Sen. Bernie Sanders will get highly unusual say over the drafting of the Democratic Party platform this year even if, as expected, he loses the primary contest to Hillary Clinton.
The two Democratic candidates have agreed with Democratic Party officials to a new apportionment of the 15-member committee that writes the platform, according to Democratic officials familiar with the compromise worked out this month.
Sanders will name five members and Clinton six, based on the number of popular votes each has received to date, one official said. Democratic Party Chairwoman Debbie Wasserman Schultz will name four. The campaign choices were selected in consultation with the campaigns and the DNC from larger slates of 12 and 10 suggested by the campaigns.

I can add more: Sanders’s policy director, Warren Gunnels, will have a major hand in trying to influence the outcome of the platform, a source familiar with ongoing talks tells me. Gunnels may not end up being a voting member of the platform drafting committee, but he will play a staff role at a minimum.

Gunnels and the Sanders campaign are already at work producing a draft of the bullet points it hopes to get into the party platform, the source continues. Some things the Sanders camp will push for include firm opposition to a vote on the Trans-Pacific Partnership in this Congress; requirements to break up too-big-to-fail financial institutions; more in infrastructure spending; a $15-per-hour minimum wage; tuition-free public college, and, possibly, a carbon tax, in keeping with the ambitious agenda Sanders has campaigned on.

Having a trusted loyalist who has worked with Sanders for many years and is intimately familiar with his agenda and aspirations — such as Gunnels — could be a real plus for the Sanders team’s efforts to shape the party’s agenda heading into the elections.

Dem Rep. Elijah Cummings will chair the platform committee, a decision that was made by the DNC in consultation with both campaigns. The key context here is that Rep. Cummings has previously worked with Sanders on policy, including efforts to regulate prescription drug pricing, sources note. Dem Rep. Barbara Lee will also be one of the DNC’s picks.

It’s unclear whether the Sanders campaign will be satisfied with this outcome, which comes at a moment when Sanders is criticizing the nominating process as rigged, angering supporters and potentially complicating efforts to unify the party against Donald Trump. The new move is designed to help dispel some of the sense among Sanders and his followers that the process has been unfair, skewed to help Hillary Clinton, and has shut new Sanders voters out of it.

But the Sanders campaign had demanded more than this. Previously, the DNC had suggested that both the Sanders and Clinton get four appointees on the 15-person committee, with the DNC picking the remaining seven. But Sanders was unhappy with this arrangement, and fired off a letter to the DNC earlier this month demanding that both campaigns get seven slots, with the DNC picking one.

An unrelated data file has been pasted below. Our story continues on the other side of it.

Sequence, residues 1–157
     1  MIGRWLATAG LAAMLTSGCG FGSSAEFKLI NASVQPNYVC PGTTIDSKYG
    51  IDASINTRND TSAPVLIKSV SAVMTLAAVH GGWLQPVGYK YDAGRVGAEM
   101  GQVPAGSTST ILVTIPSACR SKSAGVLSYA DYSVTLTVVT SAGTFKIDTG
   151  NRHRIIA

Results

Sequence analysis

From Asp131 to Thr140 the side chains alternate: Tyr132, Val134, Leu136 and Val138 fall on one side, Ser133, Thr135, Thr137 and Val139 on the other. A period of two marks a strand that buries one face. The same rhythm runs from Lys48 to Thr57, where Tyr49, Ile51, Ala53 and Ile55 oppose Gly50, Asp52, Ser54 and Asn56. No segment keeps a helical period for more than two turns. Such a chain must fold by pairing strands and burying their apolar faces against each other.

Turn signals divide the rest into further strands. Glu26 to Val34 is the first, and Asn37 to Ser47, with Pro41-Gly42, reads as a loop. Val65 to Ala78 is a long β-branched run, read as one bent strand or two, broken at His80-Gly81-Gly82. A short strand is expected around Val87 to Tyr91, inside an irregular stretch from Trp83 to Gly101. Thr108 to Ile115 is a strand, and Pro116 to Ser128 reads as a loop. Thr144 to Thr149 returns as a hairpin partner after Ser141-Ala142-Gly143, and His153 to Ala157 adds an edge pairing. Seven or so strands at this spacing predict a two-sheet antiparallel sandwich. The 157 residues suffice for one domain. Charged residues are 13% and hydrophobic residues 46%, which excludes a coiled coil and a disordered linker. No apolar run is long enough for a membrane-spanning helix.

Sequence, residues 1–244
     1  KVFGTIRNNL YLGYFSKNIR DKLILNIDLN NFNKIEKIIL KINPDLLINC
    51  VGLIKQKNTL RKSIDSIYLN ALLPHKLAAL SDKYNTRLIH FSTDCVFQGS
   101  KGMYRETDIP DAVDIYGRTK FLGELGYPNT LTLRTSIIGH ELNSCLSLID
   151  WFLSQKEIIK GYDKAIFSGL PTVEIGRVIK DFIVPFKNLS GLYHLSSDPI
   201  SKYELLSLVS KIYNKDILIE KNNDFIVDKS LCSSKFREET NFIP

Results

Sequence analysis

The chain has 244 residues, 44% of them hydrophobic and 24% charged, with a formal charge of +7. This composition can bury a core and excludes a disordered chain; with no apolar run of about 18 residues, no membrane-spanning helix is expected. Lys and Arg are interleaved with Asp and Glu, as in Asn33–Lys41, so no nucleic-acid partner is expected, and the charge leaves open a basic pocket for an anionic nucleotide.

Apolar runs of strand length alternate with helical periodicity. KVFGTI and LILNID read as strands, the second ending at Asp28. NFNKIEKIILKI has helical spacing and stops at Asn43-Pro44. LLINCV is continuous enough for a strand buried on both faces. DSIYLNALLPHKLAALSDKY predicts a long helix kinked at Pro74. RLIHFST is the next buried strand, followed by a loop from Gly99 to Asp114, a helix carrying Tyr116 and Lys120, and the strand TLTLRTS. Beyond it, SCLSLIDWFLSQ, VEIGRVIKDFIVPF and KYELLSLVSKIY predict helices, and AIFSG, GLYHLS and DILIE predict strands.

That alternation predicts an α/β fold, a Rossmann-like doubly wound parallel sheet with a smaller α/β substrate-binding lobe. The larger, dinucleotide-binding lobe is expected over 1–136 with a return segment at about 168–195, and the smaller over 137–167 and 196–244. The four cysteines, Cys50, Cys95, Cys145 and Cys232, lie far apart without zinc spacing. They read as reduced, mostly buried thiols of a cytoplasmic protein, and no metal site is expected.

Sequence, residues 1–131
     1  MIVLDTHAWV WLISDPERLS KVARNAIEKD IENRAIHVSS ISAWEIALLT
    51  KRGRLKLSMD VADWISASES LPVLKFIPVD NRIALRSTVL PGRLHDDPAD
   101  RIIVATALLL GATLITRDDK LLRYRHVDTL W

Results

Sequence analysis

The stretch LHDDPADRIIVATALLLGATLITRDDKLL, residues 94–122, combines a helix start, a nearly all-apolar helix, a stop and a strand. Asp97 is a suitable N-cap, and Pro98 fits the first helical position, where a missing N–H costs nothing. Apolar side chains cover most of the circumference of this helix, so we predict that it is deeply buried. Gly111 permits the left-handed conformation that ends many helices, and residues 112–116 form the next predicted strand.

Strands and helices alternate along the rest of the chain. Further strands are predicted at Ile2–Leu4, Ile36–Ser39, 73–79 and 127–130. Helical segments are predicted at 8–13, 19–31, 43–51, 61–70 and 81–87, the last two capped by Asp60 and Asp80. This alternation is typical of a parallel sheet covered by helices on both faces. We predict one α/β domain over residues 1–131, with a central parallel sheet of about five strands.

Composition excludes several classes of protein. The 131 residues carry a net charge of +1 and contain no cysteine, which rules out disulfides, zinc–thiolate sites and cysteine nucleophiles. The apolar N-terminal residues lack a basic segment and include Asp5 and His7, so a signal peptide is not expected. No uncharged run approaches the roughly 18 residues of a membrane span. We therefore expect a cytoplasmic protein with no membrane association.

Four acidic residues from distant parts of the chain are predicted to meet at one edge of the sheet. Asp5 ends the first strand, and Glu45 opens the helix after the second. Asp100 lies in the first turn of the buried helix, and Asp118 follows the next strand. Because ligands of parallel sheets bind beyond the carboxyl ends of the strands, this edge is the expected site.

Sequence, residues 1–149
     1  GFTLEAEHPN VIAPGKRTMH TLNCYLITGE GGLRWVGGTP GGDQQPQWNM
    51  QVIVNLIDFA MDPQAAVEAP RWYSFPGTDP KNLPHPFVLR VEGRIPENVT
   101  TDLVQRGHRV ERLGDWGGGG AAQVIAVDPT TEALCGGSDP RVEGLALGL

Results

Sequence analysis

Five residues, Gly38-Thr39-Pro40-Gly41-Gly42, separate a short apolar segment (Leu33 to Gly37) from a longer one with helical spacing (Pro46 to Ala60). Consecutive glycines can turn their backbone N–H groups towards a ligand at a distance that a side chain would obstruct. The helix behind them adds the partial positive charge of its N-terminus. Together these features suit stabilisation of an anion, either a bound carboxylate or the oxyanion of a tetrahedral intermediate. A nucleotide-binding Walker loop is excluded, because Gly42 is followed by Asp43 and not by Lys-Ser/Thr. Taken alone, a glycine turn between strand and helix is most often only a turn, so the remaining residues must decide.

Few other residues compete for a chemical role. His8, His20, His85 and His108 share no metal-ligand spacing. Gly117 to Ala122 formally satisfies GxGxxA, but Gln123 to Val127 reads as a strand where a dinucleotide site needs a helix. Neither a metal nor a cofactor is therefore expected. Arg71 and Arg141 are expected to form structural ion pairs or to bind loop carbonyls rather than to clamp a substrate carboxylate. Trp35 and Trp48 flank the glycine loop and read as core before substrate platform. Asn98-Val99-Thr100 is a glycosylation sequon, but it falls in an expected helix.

Sanders argued that giving his campaign more representation and influence over the platform would help send a message that the Democratic Party is open to “the millions of new people” the Sanders campaign has attracted, and “the full range of views of voters who have participated in the Democratic nominating contests.”

The current split, then, falls short of the Sanders camp’s request for seven slots for each campaign, plus only one for the DNC.  The Sanders camp may also be angered by the four slots kept by the party, since it has been arguing that the party is essentially in the bag for Clinton. But the DNC has pared back its own influence over the committee somewhat, and has now given Sanders a level of representation on the committee, relative to that of Clinton, that is likely to be proportional to their differences in the pledged delegate count after the voting concludes. According to Democrats involved in the talks, party officials had concluded it would be unfair to give both campaigns equal representation, given that Clinton has won substantially more popular votes than Sanders has.

One big question looming over the endgame of the primaries is whether Sanders will do everything he can to persuade his supporters that the outcome — resulting in Clinton’s nomination — was legitimate. Whether the DNC’s latest moves will help make that more likely — and whether they will lead Sanders supporters to be more accepting of that argument — remains to be seen.


UPDATE: Hillary spokesman Brian Fallon responds:

“We’re pleased that the upcoming Democratic Convention will ensure supporters of Senator Sanders are well represented in the drafting of the party’s platform. The Democratic Party has been a big tent, representing a diverse coalition, and Hillary Clinton is committed to continue welcoming different perspectives and ideas.”